The three-person team of British explorers on the Arctic ice cap may or may not be in danger, depending upon which of the team’s representatives back at headquarters in London is doing the talking.
Martin Hartley, Pen Hadow, and Ann Daniels have been on a “scientific” mission to measure sea ice thickness that is routinely measured by satellite and buoys. Unfortunately, just about all of their equipment failed as soon as the team got onto the ice, due to what the BBC has reported as unexpected wind chill values as low as minus 70 degrees Celsius.
On the health front, according to Catlin Arctic Survey medical adviser Doctor Martin Rhodes, the team are battling chronic hypothermia. Additionally, Martin Hartley has frostbite on one foot, photographs of which are on the mission website, with a disclaimer for the faint of heart.
On the other hand, according to Catlin communications director Rod Macrae, all is well. “They’re fine,” he said, in a phone interview Thursday. “There is no hypothermia.” Macrae maintained that people with agendas that he didn’t even want to speculate about were looking to criticize the team, when, actually everything is going very well indeed. “Pen [the team leader] has said, ‘Were stuck in the tent, and we’re unable to take any measurements.’ And people have rushed to all sorts of hasty conclusions about their situation being dire or something.”
And yet, according to a blog entry on the Catlin website by support team member Gaby Dean, the team members do not sound normal when they phone in each day, their words slurred and muddled. Macrae was surprised to learn that the team’s “live” biotelemetry (heart rate, breaths per minute, core temperature, and skin temperature) had been repeating for upwards of a week (closer to a month, it turned out). Hadow’s core temperature reading of 33 degrees Celsius (91 degrees Fahrenheit), day after day, had given plenty of the people following the mission pause, if not a sense of foreboding. As for the slurred speech, Macrae explained that when the facial muscles get cold, they do not perform normally.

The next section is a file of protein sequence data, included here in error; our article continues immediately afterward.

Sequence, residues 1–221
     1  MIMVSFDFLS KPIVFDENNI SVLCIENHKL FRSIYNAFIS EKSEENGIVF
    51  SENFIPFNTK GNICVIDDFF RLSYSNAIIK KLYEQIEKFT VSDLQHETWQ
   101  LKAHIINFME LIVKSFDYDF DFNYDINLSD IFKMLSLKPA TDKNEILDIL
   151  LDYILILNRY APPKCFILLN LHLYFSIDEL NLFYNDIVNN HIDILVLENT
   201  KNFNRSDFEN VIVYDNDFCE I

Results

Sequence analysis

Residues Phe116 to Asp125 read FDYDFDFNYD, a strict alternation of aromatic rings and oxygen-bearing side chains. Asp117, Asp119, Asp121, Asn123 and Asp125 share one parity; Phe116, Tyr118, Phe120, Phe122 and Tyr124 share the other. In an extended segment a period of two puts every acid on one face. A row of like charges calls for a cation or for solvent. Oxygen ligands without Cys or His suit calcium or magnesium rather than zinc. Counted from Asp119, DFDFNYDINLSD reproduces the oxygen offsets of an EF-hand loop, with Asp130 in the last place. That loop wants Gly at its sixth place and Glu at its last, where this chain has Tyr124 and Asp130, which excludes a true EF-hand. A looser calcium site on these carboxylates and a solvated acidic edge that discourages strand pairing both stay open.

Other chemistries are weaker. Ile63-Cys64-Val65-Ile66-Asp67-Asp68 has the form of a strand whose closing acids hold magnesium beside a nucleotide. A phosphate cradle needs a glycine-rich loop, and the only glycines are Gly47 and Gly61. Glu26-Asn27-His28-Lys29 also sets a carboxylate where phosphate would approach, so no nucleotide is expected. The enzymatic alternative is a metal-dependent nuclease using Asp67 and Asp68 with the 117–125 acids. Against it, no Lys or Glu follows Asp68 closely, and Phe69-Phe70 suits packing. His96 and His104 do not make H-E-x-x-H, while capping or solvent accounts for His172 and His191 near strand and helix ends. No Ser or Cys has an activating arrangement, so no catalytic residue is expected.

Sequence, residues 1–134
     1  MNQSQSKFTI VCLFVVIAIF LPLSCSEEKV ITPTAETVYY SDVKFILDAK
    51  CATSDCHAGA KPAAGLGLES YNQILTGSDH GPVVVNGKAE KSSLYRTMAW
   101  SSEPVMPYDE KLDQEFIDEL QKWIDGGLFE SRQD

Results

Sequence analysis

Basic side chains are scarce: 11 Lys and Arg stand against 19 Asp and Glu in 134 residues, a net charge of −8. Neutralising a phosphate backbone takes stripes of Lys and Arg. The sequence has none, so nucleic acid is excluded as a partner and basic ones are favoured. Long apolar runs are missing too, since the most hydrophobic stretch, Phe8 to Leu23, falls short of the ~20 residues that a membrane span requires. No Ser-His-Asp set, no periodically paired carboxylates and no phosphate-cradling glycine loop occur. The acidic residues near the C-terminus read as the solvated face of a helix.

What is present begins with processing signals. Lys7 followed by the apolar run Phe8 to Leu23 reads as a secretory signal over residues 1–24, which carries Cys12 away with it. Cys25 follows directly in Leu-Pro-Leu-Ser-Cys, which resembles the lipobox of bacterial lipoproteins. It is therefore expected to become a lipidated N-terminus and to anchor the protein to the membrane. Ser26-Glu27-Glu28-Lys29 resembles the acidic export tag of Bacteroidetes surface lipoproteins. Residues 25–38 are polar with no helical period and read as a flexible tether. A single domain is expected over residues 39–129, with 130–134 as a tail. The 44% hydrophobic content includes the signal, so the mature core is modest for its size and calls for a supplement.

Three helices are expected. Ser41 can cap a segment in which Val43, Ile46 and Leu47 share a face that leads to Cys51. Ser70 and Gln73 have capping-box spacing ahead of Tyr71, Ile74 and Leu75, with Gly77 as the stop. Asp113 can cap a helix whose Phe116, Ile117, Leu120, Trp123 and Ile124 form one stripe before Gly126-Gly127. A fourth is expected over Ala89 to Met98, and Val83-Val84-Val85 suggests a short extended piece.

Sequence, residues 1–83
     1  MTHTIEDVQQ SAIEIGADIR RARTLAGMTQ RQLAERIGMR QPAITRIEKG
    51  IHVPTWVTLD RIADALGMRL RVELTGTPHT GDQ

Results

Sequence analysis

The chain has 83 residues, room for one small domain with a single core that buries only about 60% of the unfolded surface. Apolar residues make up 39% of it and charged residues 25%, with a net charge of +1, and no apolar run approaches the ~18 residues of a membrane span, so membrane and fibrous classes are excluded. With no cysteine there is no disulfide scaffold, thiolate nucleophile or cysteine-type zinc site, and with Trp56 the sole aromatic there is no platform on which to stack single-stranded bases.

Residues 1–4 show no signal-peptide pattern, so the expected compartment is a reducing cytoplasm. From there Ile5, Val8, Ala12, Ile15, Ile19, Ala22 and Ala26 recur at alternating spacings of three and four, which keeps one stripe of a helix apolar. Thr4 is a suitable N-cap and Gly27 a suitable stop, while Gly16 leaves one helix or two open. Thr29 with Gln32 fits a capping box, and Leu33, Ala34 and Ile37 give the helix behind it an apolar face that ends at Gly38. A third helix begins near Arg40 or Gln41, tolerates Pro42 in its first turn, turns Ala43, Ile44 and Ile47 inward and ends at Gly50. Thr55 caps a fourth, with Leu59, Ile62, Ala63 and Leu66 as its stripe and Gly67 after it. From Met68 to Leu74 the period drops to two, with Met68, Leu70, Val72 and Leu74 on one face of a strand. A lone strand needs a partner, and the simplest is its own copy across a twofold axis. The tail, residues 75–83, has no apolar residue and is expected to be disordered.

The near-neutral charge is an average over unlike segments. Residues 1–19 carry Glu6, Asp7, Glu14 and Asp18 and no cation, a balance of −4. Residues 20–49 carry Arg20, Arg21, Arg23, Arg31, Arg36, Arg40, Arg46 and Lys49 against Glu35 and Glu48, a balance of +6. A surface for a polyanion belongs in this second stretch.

“All clothing can do is slow down the process of losing heat,” Doctor Rhodes said. “The only way they can keep the hypothermia at bay is to keep moving and to keep eating.”
Although the team is equipped with the highest-tech cold-weather gear that money can buy, many have questioned the decision not to use traditional seal and animal fur gear, considered by some experts to be superior in the extreme environment.
As of the end of the day on Thursday, which was a rest day, the team had progressed 245 kilometers. Their goal is to take ice measurements all the way to the north pole, but with only 40 days left before they will be removed from the ice, their pace will have to quicken in order for them to attain their goal. They have 678 kilometers still to travel.
The pilots who have brought the team two resupplies are the same ones who will pick them up at the end of the expedition, and they have stated that they are unwilling to risk their aircraft and personal safety on the increasingly questionable ice after May 25, according to Macrae.
“To be honest, reaching the pole is entirely secondary to capturing the scientific data,” Macrae said. When asked whether any sea ice data (live streaming data had been promised prior to the expedition) could be made available, Macrae explained that Catlin had decided to hold off on that for the time being. “We will be putting some data up onto the website, when we think it’s substantial enough to provide something of interest.”